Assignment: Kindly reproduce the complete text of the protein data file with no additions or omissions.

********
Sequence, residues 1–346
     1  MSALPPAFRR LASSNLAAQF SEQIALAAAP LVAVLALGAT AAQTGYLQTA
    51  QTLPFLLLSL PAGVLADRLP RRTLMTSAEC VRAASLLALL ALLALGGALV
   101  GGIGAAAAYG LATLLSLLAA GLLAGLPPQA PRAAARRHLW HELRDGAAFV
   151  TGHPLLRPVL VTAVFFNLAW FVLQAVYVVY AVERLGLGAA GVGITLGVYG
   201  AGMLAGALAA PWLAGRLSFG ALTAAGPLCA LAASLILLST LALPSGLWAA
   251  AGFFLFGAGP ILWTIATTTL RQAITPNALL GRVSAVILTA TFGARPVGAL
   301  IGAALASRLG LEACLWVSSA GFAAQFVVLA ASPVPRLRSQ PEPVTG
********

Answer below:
Sequence, residues 1–346
     1  MSALPPAFRR LASSNLAAQF SEQIALAAAP LVAVLALGAT AAQTGYLQTA
    51  QTLPFLLLSL PAGVLADRLP RRTLMTSAEC VRAASLLALL ALLALGGALV
   101  GGIGAAAAYG LATLLSLLAA GLLAGLPPQA PRAAARRHLW HELRDGAAFV
   151  TGHPLLRPVL VTAVFFNLAW FVLQAVYVVY AVERLGLGAA GVGITLGVYG
   201  AGMLAGALAA PWLAGRLSFG ALTAAGPLCA LAASLILLST LALPSGLWAA
   251  AGFFLFGAGP ILWTIATTTL RQAITPNALL GRVSAVILTA TFGARPVGAL
   301  IGAALASRLG LEACLWVSSA GFAAQFVVLA ASPVPRLRSQ PEPVTG